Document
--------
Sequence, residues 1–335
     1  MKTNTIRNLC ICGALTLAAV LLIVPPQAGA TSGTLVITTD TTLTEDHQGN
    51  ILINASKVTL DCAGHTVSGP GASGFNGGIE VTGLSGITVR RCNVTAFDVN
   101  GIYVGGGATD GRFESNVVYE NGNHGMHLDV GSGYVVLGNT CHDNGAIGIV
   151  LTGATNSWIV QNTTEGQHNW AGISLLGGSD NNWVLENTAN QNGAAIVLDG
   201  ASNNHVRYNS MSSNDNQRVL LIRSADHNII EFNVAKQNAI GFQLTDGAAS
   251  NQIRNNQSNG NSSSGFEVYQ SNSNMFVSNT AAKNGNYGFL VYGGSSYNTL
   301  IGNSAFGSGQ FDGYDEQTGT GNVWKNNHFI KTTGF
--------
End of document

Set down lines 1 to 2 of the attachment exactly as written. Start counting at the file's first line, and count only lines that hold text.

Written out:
Sequence, residues 1–335
     1  MKTNTIRNLC ICGALTLAAV LLIVPPQAGA TSGTLVITTD TTLTEDHQGN